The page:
The 2017 Stonewall school report on the experiences of LGBT+ students at school in Britain puts forward a mixed picture of what it’s like to be an LGBT+ student. The good news is that since 2012, there has been a decrease in Homophobic, Biphobic and Transphobic (HBT) bullying and the frequency of discriminatory language. Further, there has been a rise in teaching about LGBT+ issues, and more schools and colleges are taking a stand against HBT bullying and language.
However, while the amount of suicide attempts remains largely the same, it is concerning that deliberate self-harm among cisgender LGB pupils seems to be on the increase. In addition, the report highlights several issues specific to bisexuality. This article begins by outlining some terms of reference before focusing on some of the concerns raised in the report. It also provides some advice around what you can do in your school or workplace to start to tackle these problems.
Isn’t the term ‘bisexuality’ trans-exclusionary?
Although the prefix ‘bi’ traditionally suggests ‘two’ and therefore implies just two genders, a bisexual is usually defined as ‘someone attracted to people of more than one gender.’ As such, this definition does not restrict the number of genders a person could be attracted to, and Robyn Och’s definition is widely accepted: attraction to ‘same and other genders.’ Some people prefer the term ‘pansexual,’ which means ‘someone attracted to people of all genders.’ There is definite overlap between ‘bisexual’ and ‘pansexual,’ and many identify as both. For more on LGBT+ definitions, Rainbow Teaching has a useful glossary.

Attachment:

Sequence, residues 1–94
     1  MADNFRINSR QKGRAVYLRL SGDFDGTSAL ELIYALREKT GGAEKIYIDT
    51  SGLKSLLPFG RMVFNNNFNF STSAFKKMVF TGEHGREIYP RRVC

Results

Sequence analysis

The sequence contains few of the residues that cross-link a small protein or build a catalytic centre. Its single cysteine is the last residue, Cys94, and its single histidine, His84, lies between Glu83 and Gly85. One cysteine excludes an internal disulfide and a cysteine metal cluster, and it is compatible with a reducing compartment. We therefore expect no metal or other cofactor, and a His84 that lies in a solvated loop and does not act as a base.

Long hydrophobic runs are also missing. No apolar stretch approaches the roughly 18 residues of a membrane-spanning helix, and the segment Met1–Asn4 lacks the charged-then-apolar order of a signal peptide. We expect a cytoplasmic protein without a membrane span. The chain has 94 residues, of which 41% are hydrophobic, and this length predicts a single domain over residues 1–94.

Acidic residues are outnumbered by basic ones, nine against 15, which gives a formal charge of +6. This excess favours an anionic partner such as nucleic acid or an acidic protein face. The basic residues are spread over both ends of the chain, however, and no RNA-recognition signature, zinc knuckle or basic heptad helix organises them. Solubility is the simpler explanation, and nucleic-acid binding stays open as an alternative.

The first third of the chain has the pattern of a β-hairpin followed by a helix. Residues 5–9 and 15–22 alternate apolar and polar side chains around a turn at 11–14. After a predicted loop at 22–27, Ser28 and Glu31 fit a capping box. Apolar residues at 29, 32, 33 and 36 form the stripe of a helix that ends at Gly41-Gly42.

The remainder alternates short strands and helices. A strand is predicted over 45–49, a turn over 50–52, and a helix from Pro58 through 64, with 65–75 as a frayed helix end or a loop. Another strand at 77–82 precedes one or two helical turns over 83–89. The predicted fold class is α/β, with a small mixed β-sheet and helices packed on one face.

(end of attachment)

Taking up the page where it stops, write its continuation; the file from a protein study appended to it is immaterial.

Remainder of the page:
What issues are there specifically facing bi/pansexuals?
- Bi/panphobia – Bi/pansexual people can find it hard to discover a welcome space in LGB communities, since bi/panphobia can lead to discrimination from both sides. For example, the 2017 Stonewall school report revealed that more than a third of pupils ‘frequently’ or ‘often’ hear negative comments or biphobic language about bi people, for example that bi people are ‘greedy’ or ‘just going through a phase.’ This is not helped by media representations of bi/pan people, which often present them as hypersexualised. Other stereotypes include bi/pan people being ‘promiscuous, unfaithful, disease spreaders,’ when in fact, bi/pansexuals may be ‘celibate, monogamous, cheating, or in polyamorous relationships (Polyamory is having more than one relationship at a time with the knowledge and consent of everyone involved),’ just as is the case with relationships involving other sexualities.
- Bi/pansexual invisibility - The 2017 Stonewall school report further uncovered that ‘Three in four LGBT pupils have never learnt about or discussed bisexuality at school. At 77% the figure on trans and gender identity is almost identical.’ Although there has been a rise in teaching about LGBT+ issues, it seems to be weighted more towards the L and G in LGBT+. Furthermore, LGBT+ pupils are more likely to ‘know of openly gay or lesbian members of staff than of staff who are openly bi or trans.’ Additionally, there are less openly bi/pan characters in the media.